If you happen to be in Ghana for a long time, here is a list of things you should definitely look into.
- Kakuum National Park
- Elmina Castle/ St George’s Castle
- CapeCoast Castle
- Aburi Garden
- Mole National Park
- Beach Day; Axim Beach / Bojo Beach / Kokrobite Beach
- Akosombo Dam
- Wli Falls / Boti Falls / Akai Falls
- Night Life in Accra
- Ghana Paragliding Festival at Nkawkaw, on the Kwahu Mountain (seasonal; only in March)
- BONUS: Shopping at Macola market (trust me, this will be like nothing you have experienced)
Ghana is a tropical coastal country that sits on the equator. Read Hott! You will want to leave your jacket at home. Instead plan to pack some cotton shirts and dresses. Be prepared to sweat. If you are a fan of wearing makeup, consider finding options that do not melt in the heat.
What to Pack
Speaking of the weather, this brings me to what to pack. Few things you do not want to forget are Anti Maleria drugs, Mosquito repellent and Seasonal Allergy Meds. You also want to bring a battery pack because you will be on the road for a while and when the lights go out, you will be happy to charge your phone. For some additional packing ideas, check out my post about Bali.
There is a 4-5 hour (depending on daylight savings) difference between New York and Ghana. Plan on building at least one day into your trip to get over your jetlag.
Where to Stay
Accra is the capital city of Ghana and where all international flights land. You will likely want to make this your base for the first couple of nights so you can explore the city before leaving to explore the country. There are several hotels in the country but the prices remain high because there is not enough competition. If you don’t have the luxury of staying with family or hotels like I did, then a cheaper alternative is to consider an AirBNB. We stayed at the coconut grove Hotel in Cape Coast which had a beach and some bomb food! I wasnt amazed by our ocean front room but that is another story. They did greet us with a coconut, so there is that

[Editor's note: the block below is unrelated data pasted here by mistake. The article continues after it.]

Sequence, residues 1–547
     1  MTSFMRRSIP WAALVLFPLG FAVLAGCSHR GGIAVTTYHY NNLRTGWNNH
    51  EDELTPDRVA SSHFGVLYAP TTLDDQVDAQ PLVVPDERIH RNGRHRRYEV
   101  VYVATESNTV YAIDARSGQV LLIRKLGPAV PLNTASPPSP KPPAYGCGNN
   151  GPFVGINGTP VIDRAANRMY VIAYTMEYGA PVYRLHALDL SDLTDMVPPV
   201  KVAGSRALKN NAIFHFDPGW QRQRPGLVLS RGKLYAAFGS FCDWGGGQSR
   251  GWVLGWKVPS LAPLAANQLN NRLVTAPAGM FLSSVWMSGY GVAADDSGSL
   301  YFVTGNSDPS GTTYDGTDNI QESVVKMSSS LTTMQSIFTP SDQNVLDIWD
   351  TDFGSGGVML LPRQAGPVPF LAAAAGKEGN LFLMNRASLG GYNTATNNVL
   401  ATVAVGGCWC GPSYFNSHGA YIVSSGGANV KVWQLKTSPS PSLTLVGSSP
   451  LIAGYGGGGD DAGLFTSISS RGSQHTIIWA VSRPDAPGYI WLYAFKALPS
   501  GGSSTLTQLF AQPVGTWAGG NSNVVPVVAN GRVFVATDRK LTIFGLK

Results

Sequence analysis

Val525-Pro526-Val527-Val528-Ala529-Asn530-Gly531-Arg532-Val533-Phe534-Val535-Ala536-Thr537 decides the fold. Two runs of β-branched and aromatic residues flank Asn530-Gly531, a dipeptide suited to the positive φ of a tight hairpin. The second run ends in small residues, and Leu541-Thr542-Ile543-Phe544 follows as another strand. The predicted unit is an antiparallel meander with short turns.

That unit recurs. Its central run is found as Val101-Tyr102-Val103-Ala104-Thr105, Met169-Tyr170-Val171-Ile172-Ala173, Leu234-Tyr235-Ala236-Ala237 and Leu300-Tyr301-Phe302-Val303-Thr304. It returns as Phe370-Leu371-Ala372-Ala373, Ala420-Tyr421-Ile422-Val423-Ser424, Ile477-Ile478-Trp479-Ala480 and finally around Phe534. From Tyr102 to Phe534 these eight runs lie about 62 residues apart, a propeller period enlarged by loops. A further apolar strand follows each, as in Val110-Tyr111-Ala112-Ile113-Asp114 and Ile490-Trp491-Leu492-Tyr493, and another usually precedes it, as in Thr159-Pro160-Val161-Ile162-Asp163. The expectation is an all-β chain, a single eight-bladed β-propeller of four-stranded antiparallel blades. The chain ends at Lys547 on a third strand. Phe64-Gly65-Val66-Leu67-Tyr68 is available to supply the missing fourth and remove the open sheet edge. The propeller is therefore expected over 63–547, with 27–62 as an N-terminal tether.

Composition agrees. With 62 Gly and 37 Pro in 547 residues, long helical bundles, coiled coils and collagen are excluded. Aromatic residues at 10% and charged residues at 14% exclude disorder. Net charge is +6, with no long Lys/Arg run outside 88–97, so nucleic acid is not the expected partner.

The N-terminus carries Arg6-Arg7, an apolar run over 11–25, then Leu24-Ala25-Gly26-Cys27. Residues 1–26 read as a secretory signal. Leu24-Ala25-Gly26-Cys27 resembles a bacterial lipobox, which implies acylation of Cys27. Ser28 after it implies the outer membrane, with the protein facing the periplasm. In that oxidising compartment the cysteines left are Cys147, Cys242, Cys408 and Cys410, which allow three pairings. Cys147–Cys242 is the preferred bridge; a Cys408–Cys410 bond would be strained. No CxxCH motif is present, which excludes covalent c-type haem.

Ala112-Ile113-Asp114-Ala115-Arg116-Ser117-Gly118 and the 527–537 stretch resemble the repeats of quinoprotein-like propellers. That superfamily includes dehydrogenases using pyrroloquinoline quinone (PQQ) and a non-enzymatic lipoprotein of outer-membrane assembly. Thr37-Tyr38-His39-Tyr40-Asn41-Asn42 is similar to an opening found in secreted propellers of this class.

Ghana has several street food options that are super delicious and cheap. However, pay close attention to how the food is prepared and served. And always opt for piping hot to avoid diseases like typhoid. In general, I wouldn’t recommend street food unless you have a strong stomach. There are several restaurants that serve popular Ghanaian dishes. Here are a few of my favorites;
- Goat khebab
- Jollof rice and chicken
- Peanut Soup and rice balls
- Palm oil soup with fufu
- Koko and Kose
- Tilapia and Banku
- Okro Soup and Agple
There are so many mode of transportation in Ghana. You can rent cars at the airport but I would caution you to also get full coverage insurance. The people do not necessarily pay attention to traffic rules and you cannot always count on your driving experience to be sufficient in Ghana. In my case, I paid for a private driver to drive me to my destination outside the city. And I also used taxis for short distances. Uber was surprisingly effective in Ghana but on occasion when I had run out of internet credit on my phone, I had to rely on regular old taxis.
BONUS UPDATE ; Safety
Im including this because I had a couple of people ask me how safe Ghana was as a country. I must say that Ghana is one of the most politically stable countries in West Africa. We have a democratic republic and the people are generally anti-conflict. So, with the exception of a few petty crimes here and there ( i mean which country doesn’t have petty crime?), you will find that Ghana is safe. Does this mean that you should leave your belongings in the middle of the street to see what happens? Probably not. Just observe your normal safety measures and you will be fine.
Looking back, the trip was way too short. One needs a little over 8 days in Ghana due to the heat alone! But I did enjoy every minute of it. And as most nostalgic things go, it was nice to relive things from my childhood. The fact is that Ghana is a developing country. So will you experience some frustrations ? Probably. Should that stop you from visiting? Absolutely not! Im absolutely here as a resource for you so if you think of any questions that I did not cover, please comment below and I will be happy to help. Safe Travels!